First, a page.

Monday, 6 August 2007

Monks examining nests with integrity

In applying for a post as an examiner of archetypal dog pack leaders, Bessy happened to question the integrity of the process. Margaret said there were no leaders, only followers, just like there were no processes, just followers of them. Bessy was a little put out and left the application for another day.

Felix is a man of integrity, so I have no reason to doubt him when he tells me there is a monastery on an island in the North Sea inhabited by monks dressed in yellow and with continuously itchy feet. I asked what happened if their feet stopped itching. Felix said the monk is thrown out and condemned to a life examining the outside world. I thought that was rather a good outcome, but Felix was nonplussed. He looked at his feet longingly and we drank our tea in a most contemplative state.

George says he had a good monk as a friend once, and they excelled in competitions on forward planning. In one competition the competitors were asked to forward plan for the arrival of the unforeseen consequence of the unknowable. That seemed rather complex to me. George said that was why I couldn't compete. I asked if he'd planned to spend his last working days as a receptionist in a dental surgery. He said yes, but not in this one, in a manner that left little doubt that he intended me to be offended. I was.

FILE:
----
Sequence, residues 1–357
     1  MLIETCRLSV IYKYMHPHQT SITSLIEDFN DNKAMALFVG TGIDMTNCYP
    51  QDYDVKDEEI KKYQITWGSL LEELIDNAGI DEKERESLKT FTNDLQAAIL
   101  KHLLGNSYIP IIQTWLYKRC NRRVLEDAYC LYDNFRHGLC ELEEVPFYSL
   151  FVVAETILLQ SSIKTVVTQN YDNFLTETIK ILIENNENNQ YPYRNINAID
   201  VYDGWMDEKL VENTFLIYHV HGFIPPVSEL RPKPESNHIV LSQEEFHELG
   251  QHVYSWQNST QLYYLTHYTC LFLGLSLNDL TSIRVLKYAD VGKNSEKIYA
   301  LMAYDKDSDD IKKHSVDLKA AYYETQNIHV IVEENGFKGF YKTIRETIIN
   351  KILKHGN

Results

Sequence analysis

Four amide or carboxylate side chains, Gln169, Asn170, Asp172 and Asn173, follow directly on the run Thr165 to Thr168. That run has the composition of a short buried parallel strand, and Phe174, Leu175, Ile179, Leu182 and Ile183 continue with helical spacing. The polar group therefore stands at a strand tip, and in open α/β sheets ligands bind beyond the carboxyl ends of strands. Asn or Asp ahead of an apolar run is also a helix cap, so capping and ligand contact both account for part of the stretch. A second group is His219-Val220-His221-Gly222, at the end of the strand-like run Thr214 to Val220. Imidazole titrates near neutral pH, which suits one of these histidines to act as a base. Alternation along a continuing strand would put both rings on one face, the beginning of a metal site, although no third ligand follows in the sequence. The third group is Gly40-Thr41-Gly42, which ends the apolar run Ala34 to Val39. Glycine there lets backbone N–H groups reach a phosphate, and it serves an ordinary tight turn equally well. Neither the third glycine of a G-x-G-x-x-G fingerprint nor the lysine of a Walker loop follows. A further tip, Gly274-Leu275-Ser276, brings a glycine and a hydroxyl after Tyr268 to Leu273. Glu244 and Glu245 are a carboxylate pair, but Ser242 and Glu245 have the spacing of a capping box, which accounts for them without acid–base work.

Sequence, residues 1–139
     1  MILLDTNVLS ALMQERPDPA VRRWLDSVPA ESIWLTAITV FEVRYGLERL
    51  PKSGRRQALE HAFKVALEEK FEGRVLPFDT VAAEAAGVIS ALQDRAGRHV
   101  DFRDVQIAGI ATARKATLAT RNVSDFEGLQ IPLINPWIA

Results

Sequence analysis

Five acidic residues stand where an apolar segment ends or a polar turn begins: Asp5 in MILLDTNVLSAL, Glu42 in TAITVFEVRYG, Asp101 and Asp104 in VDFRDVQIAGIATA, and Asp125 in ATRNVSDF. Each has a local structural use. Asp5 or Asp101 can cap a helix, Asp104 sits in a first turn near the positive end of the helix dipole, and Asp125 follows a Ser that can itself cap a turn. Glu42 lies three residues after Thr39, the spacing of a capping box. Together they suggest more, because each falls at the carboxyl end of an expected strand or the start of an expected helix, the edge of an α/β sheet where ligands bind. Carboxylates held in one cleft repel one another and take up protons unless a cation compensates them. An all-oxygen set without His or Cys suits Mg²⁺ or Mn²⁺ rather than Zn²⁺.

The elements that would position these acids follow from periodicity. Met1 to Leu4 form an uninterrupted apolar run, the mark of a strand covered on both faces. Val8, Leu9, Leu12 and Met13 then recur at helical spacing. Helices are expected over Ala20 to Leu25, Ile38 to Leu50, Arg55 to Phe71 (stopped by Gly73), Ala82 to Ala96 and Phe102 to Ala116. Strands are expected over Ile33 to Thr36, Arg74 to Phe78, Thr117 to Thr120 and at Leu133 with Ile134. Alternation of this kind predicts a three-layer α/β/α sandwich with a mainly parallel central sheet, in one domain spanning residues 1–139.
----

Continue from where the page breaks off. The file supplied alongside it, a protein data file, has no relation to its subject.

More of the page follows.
Cookie's mind was competing with that of Mr Barnes for a place in the ancient nest that once sat in the yew tree, but which was burned to ashes ninety-three years ago. I couldn't interrupt in case it did them some harm. Cookie got there first, as usual, and Mr Barnes said he wouldn't play again, as usual, and I replaced the composite (white) filling on the edge of his right central incisor that his mind had fractured whilst scrambling up the tree, as usual.

And there lies the complex interweaving of examining and competing, and winning and losing, and of doing nothing but watching it all happen, which is my preference when all is said and done.

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